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“Concessions on Territorial Integrity Unthinkable”

Posted March. 16, 2005 22:03,   


The Korean government is scheduled to announce on Thursday a doctrine forewarning Japan that despite the continuation of friendly and forward-looking relations between the two countries, infringement of Korea’s sovereignty and territorial integrity will not be overlooked. This comes on the heels of the passage on Wednesday by local representatives in Japan’s Shimane prefecture of an ordinance establishing a commemorative “Takeshima Day.” Takeshima is the Japanese term for Dokdo, an island in the East Sea that is garrisoned by Korea and claimed by Japan.

This basic principle governing Korea-Japan relations was laid out at the standing committee of the National Security Council on Wednesday, and will be announced tomorrow afternoon by Jeong Woo-sung, the foreign policy assistant to President Roh Moo-hyun, in the form of an official statement to the Japanese government. That the announcement will be made by a Cheong Wa Dae senior official rather than the Ministry of Foreign Affairs and Trade testifies to an effort by the government to convey the doctrine’s reflectiveness of the president’s concern.

The government is currently assembling a set of multi-phased measures such as recalling the Korean ambassador to Tokyo and riding the opposition bandwagon to Japan’s push for membership in the UN Security Council, according to press reports on Wednesday. The measures implemented by the government will be commensurate to the degree of Japan’s insistence on its possession of the islands.

Yu Hong-jun, the administrator of the Cultural Heritage Administration, held an urgent press conference on Wednesday to announce the lifting of restrictions on visits to the islands by reporters and ordinary citizens. The Cultural Heritage Administration is a governmental body charged with the management of natural monuments such as the Dokdo islands, to which access had been granted previously only through the permission of the Cultural Heritage Administration and the governor of Gyeongbuk Province, where the islands are situated.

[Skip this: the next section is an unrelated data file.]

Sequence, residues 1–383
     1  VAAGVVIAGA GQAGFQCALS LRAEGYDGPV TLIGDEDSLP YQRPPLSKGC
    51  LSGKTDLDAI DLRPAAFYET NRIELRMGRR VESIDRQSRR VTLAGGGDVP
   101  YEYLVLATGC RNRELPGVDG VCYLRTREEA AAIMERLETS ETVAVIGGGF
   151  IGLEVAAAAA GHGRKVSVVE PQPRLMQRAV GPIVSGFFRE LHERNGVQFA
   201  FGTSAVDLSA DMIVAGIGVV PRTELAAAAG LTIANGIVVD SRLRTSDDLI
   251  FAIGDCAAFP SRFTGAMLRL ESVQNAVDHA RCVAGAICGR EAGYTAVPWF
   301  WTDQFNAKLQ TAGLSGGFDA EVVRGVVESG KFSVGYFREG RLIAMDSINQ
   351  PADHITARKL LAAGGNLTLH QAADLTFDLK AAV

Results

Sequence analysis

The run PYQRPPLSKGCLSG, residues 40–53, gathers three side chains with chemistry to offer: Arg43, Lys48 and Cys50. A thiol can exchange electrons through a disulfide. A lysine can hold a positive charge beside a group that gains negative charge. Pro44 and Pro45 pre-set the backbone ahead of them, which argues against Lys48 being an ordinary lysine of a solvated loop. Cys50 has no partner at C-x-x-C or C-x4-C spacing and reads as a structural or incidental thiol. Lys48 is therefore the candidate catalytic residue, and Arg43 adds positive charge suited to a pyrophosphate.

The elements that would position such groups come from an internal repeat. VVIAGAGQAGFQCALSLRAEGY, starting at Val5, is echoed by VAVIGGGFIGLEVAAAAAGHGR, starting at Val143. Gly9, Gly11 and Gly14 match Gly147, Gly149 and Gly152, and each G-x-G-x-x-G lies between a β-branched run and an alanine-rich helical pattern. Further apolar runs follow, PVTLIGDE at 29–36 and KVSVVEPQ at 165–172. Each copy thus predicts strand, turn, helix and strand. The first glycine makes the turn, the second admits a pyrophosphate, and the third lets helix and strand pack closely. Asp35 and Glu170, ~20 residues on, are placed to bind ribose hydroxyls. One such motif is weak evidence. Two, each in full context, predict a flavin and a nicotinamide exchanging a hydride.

Mr. Yu announced his intention to grant, to the farthest extent possible, unfettered access to Dokdo, adding that foreign tourists including Japanese citizens will enjoy the same opportunities of visit should their intentions remain apolitical.

Ministry of Foreign Affairs and Trade spokesman Lee Kyu-hyung issued a statement demanding the immediate renouncement of the regional ordinance, claiming that the indiscreet move by Shimane Prefecture has no international legal effect and no bearing on the current status of the islands.

The Ministry of Foreign Affairs and Trade summoned Toshinao Urabe, Japan’s acting ambassador to Korea, and sent Ra Jong-il, the Korean top diplomat to Japan, to the Japanese foreign ministry to express the government’s strong protest over recent developments as well as to request the renunciation of the ordinance.

On Wednesday morning, the Shimane prefectural parliament passed, with the approval of 33 votes out of 38 cast, a bill submitted on February 22 which proposes to establish a “Takeshima Day.”

Following the bill’s passage, Japanese Prime Minister Junichiro Koizumi remarked that historical claims over the islands had long placed the neighboring countries on opposing ends, with each declaring the legitimacy of its stance. “We must manage this issue on the grounds of mutual friendship,” he said.